China is cranking up its efforts to find its soccer equivalent of Yao Ming, as authorities continue to shift their focus away from quick fixes to long-term, sustainable solutions.
The imminent departure of senior national team coach Marcello Lippi, after a two-year stint at the helm that has yielded minimal gains and yet another failed World Cup qualification campaign, has brought into sharp focus the glaring dearth of emerging young talent in the country.
Authorities have already invested heavily in the youth ranks but are now redoubling their efforts by building dozens of new training centers across the country.
China's deputy sports minister Du Zhaocai has revealed that a total of 50 centers will be built by 2020, with 29 already finished.
Each will feature a four-tier selection system－school, district, city and international－with the cream of the crop being promoted to one of the national junior squads or sent to train abroad.
Higher-level regional centers and one national academy will also be built, with the ultimate goal of unearthing some diamonds in the rough. "If there's no superstar, Chinese soccer will never step out of Asia," Du said at a Chinese Football Association conference in Wuhan, Hubei province, on Monday.
"To find and nurture a major star of our own is equally important as the overall development of Chinese soccer.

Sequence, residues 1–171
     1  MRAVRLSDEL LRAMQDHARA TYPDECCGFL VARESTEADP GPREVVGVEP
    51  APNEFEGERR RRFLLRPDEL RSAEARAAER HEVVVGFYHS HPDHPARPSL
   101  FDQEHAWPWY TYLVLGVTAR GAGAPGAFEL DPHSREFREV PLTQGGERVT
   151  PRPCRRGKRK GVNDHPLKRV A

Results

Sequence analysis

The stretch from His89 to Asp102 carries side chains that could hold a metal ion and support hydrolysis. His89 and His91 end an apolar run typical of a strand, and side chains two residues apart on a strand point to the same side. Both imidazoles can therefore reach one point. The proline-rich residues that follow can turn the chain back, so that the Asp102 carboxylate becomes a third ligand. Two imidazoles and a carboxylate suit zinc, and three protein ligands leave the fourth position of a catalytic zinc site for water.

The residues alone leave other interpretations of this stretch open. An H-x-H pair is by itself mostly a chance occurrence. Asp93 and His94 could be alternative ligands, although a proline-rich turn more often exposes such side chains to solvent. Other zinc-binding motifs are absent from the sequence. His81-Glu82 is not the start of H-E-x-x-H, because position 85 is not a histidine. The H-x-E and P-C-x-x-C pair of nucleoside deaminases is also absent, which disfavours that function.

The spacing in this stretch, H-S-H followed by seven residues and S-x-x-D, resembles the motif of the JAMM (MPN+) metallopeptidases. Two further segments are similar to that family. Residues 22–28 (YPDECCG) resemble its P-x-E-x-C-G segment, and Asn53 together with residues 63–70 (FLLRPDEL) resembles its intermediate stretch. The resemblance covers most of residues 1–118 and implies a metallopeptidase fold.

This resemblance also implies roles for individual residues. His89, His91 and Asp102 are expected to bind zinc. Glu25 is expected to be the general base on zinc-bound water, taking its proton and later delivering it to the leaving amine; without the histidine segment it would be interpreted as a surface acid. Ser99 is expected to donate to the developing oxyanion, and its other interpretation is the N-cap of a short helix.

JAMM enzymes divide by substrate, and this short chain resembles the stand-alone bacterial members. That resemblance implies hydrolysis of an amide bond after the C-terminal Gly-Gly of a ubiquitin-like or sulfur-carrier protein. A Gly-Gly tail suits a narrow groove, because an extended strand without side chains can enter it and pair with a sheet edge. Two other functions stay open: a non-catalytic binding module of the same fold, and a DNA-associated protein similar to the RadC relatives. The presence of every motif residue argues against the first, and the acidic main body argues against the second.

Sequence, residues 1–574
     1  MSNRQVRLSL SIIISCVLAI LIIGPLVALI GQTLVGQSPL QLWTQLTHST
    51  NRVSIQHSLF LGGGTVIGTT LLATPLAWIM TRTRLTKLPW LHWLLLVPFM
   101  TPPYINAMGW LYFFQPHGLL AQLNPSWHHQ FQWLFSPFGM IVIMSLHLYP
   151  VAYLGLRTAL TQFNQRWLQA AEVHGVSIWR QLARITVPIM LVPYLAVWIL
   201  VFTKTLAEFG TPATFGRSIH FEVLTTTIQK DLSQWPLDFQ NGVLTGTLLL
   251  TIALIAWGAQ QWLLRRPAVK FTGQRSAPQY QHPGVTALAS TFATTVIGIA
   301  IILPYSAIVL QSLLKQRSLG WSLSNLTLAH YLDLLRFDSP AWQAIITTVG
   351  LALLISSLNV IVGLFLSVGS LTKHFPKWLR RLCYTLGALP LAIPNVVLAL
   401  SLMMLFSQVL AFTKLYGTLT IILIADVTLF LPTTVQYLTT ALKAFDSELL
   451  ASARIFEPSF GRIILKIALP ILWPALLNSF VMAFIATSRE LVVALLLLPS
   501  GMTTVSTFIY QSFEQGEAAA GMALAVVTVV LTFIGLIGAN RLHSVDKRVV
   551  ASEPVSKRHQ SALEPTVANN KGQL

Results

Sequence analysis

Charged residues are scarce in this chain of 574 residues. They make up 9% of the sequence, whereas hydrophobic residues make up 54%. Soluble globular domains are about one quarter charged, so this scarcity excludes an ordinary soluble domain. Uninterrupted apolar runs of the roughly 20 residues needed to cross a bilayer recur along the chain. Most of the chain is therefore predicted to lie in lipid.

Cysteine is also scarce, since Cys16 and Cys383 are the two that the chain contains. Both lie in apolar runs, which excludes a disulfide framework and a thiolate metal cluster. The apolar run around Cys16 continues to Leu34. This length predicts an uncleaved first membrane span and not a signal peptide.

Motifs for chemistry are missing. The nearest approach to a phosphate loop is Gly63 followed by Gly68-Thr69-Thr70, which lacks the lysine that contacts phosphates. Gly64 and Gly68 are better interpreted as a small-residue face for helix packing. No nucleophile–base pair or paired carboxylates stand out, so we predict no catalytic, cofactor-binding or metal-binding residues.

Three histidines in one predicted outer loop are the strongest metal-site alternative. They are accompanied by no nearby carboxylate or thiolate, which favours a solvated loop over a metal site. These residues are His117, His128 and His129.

"In basketball, we had NBA Hall of Famer Yao Ming; in athletics, we have an Olympic gold medalist hurdler Liu Xiang and star 100 meter sprinter Su Bingtian.
"In certain ways, a star can drive the development of a whole sport. Japan and South Korea have their own stars, why can't we have one?"
Du stressed that maintaining the highest of standards at the centers will be paramount, and due to a lack of qualified domestic coaches, they will largely be staffed by foreigners.
The CFA, though, is also looking to recruit retired Chinese professional players as coaches.
"If a Spanish coach and a Chinese coach train players over the same time period, we have to admit that the Spanish coach produces better results," said Zhu Guanghu, a former head coach of the national team.
"Many Chinese coaches focus on skills, but foreign coaches pay more attention to teamwork, cooperation and tactical awareness.
"It's very easy to identify which teams are led by a foreign coaches in China. All these years, our problem has been our understanding of the sport."
The appointment of Dutch great Guus Hiddink as China Under-21 boss is the latest attempt to bring China's soccer psyche in line with the European approach to the game.
"It's a challenge for me, of course, because I know soccer in China is in a developing state," Hiddink said recently.
"We knew and the CFA knew that this is a difficult road to go, but why not try? Yes, we can sit back and be scared. Just let everyone be competitive."
Chinese Super League and League One teams are now required to have five underage teams (from under-13 to under-19) and plans are afoot to expand those brackets.
"Last year, the clubs of China's top two leagues had to register five levels of development teams, and in the future, it could become seven or nine levels," said Du.
"We are also planning to require each club to use two to three players who have come through their own training system to play in the leagues.
"And we are planning to require each club to field a women's team by 2020."